COVID-19 updates for Iowa and Woodbury County, local health official advice, South Dakota marijuana ruling, March for Lost Children, Muhlbauer drops out of U.S. Senate race, and more
Heading into the Thanksgiving weekend, Iowa state health officials report more than 10,000 new COVID-19 infections in the past week as the 14-day test positivity rate continues to climb.
On Wednesday, it was reported to be 10.4 percent, up from 9.7 percent the previous week.
The level in Woodbury County is slight less than the state rate and down just two-tenths in a week.
Twenty two percent of the new confirmed infections were in children 17 and under.
623 Iowans are hospitalized with COVID-19, up from 544 last week. This is the third week in a row, hospitalizations statewide have been on the rise. There were 10% fewer patients with the virus in Sioux City for 35 in all and 22 battling COVID-19 only.
An additional 86 Iowans were confirmed to have died from COVID-19 in the past week. This brings the state’s total death count to 7,354, with 258 in Woodbury County. No deaths were added in Woodbury County.
Officials with Siouxland District Health say to try and reduce the spread of the novel coronavirus people should stay home if they feel sick, even when their symptoms are mild.
They also encourage people to wash their hands and get vaccinated. Currently 47.5% of Woodbury County residents are fully vaccinated, 200 more than last week.
Native American communities marched through Sioux City Wednesday morning to remember children who are separated from their families and placed into foster homes.
The memorial march first began 19 years ago as a protest against the treatment of Native Americans by the Department of Human Services, not now the focus is on healing.
This year, over 200 native children have been put into foster care throughout the state of Iowa.
The South Dakota Supreme Court has upheld a lower court’s ruling that nullified a voter-passed amendment to the state constitution that would have legalized recreational marijuana use.
Gov. Kristi Noem instigated the legal fight to strike down the amendment passed by voters in November.
The Republican governor opposed marijuana legalization as a social ill, but her administration argued in court that the amendment would have broken technical rules of the state constitution. The state Supreme Court sided with those arguments, ruling Wednesday that the measure would have violated the state’s requirement that constitutional amendments deal with just one subject and would have created broad changes to state government.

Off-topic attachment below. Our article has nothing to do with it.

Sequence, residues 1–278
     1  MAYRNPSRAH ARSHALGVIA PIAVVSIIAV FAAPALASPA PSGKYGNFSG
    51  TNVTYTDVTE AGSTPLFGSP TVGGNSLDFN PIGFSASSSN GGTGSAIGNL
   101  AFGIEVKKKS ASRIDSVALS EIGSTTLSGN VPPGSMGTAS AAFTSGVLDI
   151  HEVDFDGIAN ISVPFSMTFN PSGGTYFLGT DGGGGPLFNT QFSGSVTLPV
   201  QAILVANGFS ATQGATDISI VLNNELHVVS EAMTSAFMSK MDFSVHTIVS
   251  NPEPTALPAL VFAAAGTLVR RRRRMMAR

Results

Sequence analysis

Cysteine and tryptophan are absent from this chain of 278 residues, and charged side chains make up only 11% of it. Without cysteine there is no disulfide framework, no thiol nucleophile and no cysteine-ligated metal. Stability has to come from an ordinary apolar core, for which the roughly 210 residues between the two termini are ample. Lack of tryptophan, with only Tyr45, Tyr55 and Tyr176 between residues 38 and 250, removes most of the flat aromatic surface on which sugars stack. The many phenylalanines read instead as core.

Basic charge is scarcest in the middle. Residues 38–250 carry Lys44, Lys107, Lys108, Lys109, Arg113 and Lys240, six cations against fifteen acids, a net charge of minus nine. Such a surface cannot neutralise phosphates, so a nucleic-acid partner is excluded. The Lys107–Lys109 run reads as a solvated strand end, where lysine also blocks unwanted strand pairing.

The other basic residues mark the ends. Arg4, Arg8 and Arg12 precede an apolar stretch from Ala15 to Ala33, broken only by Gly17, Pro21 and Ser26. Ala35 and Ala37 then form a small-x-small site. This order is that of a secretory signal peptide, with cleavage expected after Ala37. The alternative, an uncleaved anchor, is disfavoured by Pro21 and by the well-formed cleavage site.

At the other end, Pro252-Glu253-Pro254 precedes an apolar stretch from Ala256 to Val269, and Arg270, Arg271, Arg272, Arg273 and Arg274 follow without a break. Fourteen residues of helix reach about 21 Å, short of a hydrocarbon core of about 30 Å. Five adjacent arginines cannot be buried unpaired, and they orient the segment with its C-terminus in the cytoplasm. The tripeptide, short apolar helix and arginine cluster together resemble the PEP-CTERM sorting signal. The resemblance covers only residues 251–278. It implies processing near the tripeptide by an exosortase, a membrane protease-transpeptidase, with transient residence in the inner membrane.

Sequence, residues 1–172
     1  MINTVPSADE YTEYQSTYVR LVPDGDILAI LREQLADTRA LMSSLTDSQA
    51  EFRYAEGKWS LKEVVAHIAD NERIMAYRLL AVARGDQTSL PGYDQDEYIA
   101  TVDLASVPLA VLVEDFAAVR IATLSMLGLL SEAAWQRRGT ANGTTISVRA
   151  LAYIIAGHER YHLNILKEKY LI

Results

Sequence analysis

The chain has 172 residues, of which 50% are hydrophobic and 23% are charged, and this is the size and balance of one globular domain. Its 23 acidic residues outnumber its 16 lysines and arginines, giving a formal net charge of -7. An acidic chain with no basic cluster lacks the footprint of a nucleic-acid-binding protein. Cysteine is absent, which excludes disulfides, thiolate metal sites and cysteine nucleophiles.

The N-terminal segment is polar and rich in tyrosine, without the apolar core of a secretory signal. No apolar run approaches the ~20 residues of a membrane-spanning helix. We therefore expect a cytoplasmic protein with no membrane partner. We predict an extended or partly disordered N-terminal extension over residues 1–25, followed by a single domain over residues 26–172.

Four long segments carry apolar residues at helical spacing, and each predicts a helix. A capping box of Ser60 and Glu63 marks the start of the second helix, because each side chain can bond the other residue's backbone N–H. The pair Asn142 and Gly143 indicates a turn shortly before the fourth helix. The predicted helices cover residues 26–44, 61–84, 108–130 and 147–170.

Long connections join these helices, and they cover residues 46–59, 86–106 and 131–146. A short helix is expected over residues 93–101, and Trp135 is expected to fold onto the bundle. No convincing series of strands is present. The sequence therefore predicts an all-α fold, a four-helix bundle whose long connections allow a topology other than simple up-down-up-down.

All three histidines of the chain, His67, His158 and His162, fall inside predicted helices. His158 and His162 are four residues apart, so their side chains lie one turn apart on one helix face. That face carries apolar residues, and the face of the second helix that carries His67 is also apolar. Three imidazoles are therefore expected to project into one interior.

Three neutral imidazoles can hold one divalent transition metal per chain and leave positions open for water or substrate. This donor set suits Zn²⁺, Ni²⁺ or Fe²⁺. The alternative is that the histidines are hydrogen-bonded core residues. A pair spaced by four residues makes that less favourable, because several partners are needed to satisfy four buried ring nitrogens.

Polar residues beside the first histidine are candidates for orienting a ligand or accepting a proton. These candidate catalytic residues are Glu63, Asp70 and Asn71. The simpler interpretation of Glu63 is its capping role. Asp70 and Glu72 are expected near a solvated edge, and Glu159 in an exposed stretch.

Western Iowa farmer and former Crawford County supervisor Dave Muhlbauer (mall-bauer) is ending his campaign for the U.S. Senate seat held by Republican Chuck Grassley. Muhlbauer announced Tuesday he would no longer seek the Democratic nomination for Senate. In his announcement, Muhlbauer noted the recent death of a nephew and the “devastating effect” on his family. Muhlbauer began his campaign in May. Former U.S. Rep. Abby Finkenauer, retired Navy Adm. Mike Franken of Sioux City, Minden City Council member Glenn Hurst and former state Rep. Bob Krause (kruh-ow-s) of Burlington are still seeking the Democratic nomination. Grassley is running for an eighth U.S. Senate term. State Sen. Jim Carlin of Sioux City also is seeking the Republican nomination.
Former Republican state lawmaker Lora Hubbel says she plans to run for South Dakota governor as an independent. It would be Hubbel’s third try at landing the job. She ran for the Republican nomination in 2014 and lost to then-Gov. Dennis Daugaard. She was unsuccessful in her efforts to get on the 2018 ballot as a Constitutional Party candidate. KELO-AM reports that Hubbel has purchased advertising announcing her candidacy. Republican Gov. Kristi Noem said via press release in November that she would be seeking a second term. The statement said she has raised $10 million since she was elected and has more than $6.5 million in cash on hand.
Milton Andrew Munson’s obituary recalled his life as an Air Force veteran, a pharmacist, husband and father, and as a Nebraska football fan. That was evident in one line in the obit, which reads: “In lieu of flowers, please place an irresponsibly large wager on Nebraska beating Iowa.” The Lincoln Journal Star reports that the obit, written by Munson’s sons, ran Nov. 18 in the Hastings Tribune. It caught fire on social media and captured the attention of two radio hosts. Soon, more than $5,000 had been contributed for the big bet. Some of the money will go to Big Brothers/Big Sisters. The Huskers are a point-and-a-half underdog in Friday night's game.